graveyard. My work with Carryl was done quite organically. I showed him my previous films, and by looking at them, he immediately understood the colours that I like to work with: ultra saturated red, green, blue. I loved how Carryl and I discussed our work on the lighting through a sensory and tribal approach and not intellectual. Once the filming ended, I took on nine months of post-production work. Nicolas Bordier was in charge of calibration. Like for the visual editing, I attend all calibration sessions. I absolutely love this last stage of post-production. Nicolas’s relation to color is very remote to mine, because he likes a lot of black and white and soft colors. I remember when he first discovered Adam Minus Eve, he didn’t know what he could bring to the film. As the calibration sessions went on, we got to know each other and we really enjoyed accentuating and deploying the aesthetic personality of my film. Some shots required several days of work, but I must admit that I am proud of the result. I’m


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thinking of the final scene where Eve goes back on the deserted road or the the girl in the bathtub full of blood. Nicolas and I reworked every frame of the film in order to magnify the work done on set. A truly fastidious step because each image has multiple caches. I work the colors of my visuals like a painting. Nicolas's passion for photography, his patience combined with his talent, made him the ideal person to sublimate the work Carryl. His work is particularly surprising in exterior sequences. I’m thinking of the street sequences with wrecked cars, the forests and deserts of lava. The natural settings were filmed without lights, so the lighting was created during calibration. Through this work, we witness a real intensity and beauty of macro shots-throughout the film, for example the priest’s blue eyes in many of the sequences. Once calibration and sound mixing were finished, Carryl saw Adam Minus Eve for the first time. He really liked the end result. How did you conceive the characters of

Adam and Eve? Adam and Eve are characters that complement one another and constructed in total opposition of one another. First I worked on the character of Eve. My starting point in the script was Eve in a wheelchair. I built the character around two axes: immobility and metal. So Eve is unconscious for a large portion of the film. Adam was to be the opposite and very athletic. I built his character around movement and nature. Throughout the film Adam continues a frantic race through wide, hostile landscapes guided by his absolute desire to join his beloved. Adam's character is marked by his will, and his fight, a fight against the elements, a fight against his own dementia. Eve is exactly the opposite, her character being specifically characterized by the absence of will and feeling. She suffers everything that happens to her without any reaction or pleasure. This attitude makes Eve a dehumanized and mysterious woman who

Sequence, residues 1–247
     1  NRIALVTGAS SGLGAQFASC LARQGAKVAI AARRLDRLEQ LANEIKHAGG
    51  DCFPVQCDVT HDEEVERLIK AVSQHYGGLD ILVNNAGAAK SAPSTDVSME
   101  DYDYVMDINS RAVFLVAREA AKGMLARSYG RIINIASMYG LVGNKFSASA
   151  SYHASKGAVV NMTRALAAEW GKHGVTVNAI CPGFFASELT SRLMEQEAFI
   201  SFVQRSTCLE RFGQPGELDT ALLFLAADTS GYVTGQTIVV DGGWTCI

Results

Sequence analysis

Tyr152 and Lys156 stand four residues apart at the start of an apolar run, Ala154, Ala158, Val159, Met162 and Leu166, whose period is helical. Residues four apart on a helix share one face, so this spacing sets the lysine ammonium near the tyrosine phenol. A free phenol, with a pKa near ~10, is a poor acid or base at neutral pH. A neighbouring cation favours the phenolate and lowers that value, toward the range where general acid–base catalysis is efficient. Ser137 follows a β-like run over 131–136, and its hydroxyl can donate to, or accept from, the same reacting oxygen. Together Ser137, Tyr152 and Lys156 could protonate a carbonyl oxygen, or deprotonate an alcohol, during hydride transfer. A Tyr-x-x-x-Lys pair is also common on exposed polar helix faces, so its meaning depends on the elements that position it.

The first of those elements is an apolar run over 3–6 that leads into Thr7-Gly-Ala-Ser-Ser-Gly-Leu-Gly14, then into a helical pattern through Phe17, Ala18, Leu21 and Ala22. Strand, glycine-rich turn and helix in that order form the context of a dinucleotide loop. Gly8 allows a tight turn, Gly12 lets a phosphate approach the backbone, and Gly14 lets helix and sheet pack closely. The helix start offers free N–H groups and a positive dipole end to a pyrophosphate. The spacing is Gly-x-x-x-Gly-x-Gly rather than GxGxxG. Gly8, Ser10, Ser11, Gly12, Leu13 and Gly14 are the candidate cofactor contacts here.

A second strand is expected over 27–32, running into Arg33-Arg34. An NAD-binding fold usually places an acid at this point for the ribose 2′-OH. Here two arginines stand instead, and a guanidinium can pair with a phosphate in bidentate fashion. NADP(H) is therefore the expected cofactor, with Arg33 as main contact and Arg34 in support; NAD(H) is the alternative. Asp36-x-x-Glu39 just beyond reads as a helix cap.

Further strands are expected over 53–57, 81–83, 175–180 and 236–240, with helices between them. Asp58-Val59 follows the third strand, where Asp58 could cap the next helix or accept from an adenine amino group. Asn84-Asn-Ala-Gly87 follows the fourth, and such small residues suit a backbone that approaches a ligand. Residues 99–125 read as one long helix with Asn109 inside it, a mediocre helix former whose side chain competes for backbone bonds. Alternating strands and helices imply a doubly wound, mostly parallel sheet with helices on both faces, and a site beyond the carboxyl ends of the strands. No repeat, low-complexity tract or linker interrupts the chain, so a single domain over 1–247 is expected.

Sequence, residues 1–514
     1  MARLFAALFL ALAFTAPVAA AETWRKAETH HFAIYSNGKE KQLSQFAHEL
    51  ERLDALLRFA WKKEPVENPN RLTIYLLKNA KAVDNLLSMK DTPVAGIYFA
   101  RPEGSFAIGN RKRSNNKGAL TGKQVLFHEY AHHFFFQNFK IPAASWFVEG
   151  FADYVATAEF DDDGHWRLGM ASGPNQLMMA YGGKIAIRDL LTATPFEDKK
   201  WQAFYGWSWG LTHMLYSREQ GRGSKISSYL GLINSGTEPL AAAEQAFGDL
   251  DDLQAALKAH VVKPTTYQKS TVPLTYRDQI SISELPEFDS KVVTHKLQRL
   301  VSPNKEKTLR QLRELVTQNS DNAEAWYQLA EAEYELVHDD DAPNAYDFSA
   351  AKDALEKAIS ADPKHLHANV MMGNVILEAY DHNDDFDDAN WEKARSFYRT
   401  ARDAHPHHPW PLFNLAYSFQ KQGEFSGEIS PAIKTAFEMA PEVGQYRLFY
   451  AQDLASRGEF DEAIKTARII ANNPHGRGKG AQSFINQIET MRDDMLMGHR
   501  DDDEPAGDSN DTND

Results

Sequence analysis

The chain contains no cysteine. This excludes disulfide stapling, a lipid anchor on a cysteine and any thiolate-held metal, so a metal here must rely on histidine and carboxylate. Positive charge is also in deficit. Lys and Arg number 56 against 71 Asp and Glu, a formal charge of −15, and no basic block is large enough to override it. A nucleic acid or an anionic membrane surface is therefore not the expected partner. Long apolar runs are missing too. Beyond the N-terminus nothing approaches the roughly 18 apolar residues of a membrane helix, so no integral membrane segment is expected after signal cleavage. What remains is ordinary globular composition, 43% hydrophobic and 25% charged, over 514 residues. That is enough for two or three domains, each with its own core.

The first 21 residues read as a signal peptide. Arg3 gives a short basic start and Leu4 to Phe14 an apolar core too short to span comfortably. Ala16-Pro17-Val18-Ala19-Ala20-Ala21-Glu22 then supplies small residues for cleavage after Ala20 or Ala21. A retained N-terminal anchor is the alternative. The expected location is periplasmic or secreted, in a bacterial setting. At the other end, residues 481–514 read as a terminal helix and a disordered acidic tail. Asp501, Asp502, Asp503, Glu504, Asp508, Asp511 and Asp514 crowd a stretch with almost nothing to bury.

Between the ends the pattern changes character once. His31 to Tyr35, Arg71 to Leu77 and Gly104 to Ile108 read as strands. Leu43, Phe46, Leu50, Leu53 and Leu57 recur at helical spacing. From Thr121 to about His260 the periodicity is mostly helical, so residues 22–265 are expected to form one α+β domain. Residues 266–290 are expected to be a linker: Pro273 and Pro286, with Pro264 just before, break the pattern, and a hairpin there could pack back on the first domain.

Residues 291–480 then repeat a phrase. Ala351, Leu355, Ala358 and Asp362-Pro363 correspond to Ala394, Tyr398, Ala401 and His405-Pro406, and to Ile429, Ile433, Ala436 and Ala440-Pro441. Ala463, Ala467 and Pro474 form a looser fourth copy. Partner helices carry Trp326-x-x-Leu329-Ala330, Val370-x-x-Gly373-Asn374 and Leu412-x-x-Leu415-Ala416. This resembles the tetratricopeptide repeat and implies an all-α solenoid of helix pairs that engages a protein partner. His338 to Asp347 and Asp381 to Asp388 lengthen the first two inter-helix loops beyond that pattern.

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makes the priest waver. Adam is also constructed with references to slavery. Slavery was abolished in La Réunion in 1848, and it was essential for me that Adam’s role be interpreted by a black actor, because I find it relevant that the first man ever was black. References to slavery also appear as a watermark in the film with a number of shots on rusty chains. Adam, with his animalistic gestures, his leopard-like fur melts completely in nature. It is part of it, symbolizing a vegetating world. Eve is very wearing very little her oxygen mask, her metal knee cap and her wheelchair are part of her. She belongs to the new world, the world of chaos, a no man's land of sentiment. In ADAM MINUS EVE, Eve is a retrofuturistic woman machine and Adam a postapocalyptic animal man. Olivier Pages and Camille BessiereMithra did an excellent job, how did you come across those two actors and how did you work with them? Olivier and Camille are each very good in their roles and come through the screen. The character of the priest is crucial because the audience identifies with him, he is the narrator of the story. A friend introduced me to actor Olivier Pages, I was looking for someone to play the role of the priest, a man of about fifty, with a clear gaze, charismatic and athletic. In Adam Minus Eve, the priest is depicted as a protective adventurer. As soon as we met, I was seduced by Olivier’s force and elegance. I immediately knew that he was my priest. Working with him was a wonderful experience. His professionalism and availability on set helped us to dig deeper into his character work. Olivier quickly disappeared, allowing the priest to be born. His face was transformed, his gait, his way of breathing, swallowing, the expression in his eyes. A real work of composition. During all the takes, I was constantly talking to Olivier in a slow whisper in order to accompany him in his emotions step by step. In a perfect harmony between high concentration and letting go, Olivier was guided by his character without ever allowing the priest to escape. Olivier played the priest with subtlety, a nuanced portrayal which shook the religious man in several states of being: touching, comforting, caring, sinking into madness. For Camille, things turned out differently. He sent me several photos to